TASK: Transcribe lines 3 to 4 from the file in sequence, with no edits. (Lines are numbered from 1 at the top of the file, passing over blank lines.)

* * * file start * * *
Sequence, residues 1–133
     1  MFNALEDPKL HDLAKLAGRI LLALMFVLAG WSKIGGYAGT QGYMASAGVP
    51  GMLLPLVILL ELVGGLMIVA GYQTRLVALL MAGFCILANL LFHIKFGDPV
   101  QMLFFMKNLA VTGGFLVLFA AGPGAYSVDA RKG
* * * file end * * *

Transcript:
    51  GMLLPLVILL ELVGGLMIVA GYQTRLVALL MAGFCILANL LFHIKFGDPV
   101  QMLFFMKNLA VTGGFLVLFA AGPGAYSVDA RKG